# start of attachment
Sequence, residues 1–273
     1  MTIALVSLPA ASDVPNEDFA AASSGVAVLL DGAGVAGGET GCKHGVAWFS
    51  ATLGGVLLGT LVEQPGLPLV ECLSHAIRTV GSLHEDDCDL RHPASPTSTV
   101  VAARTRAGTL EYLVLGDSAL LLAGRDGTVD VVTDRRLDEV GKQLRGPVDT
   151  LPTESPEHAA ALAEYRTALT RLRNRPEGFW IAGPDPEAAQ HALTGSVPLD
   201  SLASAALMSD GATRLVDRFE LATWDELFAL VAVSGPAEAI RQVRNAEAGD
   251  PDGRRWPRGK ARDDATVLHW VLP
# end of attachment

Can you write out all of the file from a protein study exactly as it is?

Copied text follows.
Sequence, residues 1–273
     1  MTIALVSLPA ASDVPNEDFA AASSGVAVLL DGAGVAGGET GCKHGVAWFS
    51  ATLGGVLLGT LVEQPGLPLV ECLSHAIRTV GSLHEDDCDL RHPASPTSTV
   101  VAARTRAGTL EYLVLGDSAL LLAGRDGTVD VVTDRRLDEV GKQLRGPVDT
   151  LPTESPEHAA ALAEYRTALT RLRNRPEGFW IAGPDPEAAQ HALTGSVPLD
   201  SLASAALMSD GATRLVDRFE LATWDELFAL VAVSGPAEAI RQVRNAEAGD
   251  PDGRRWPRGK ARDDATVLHW VLP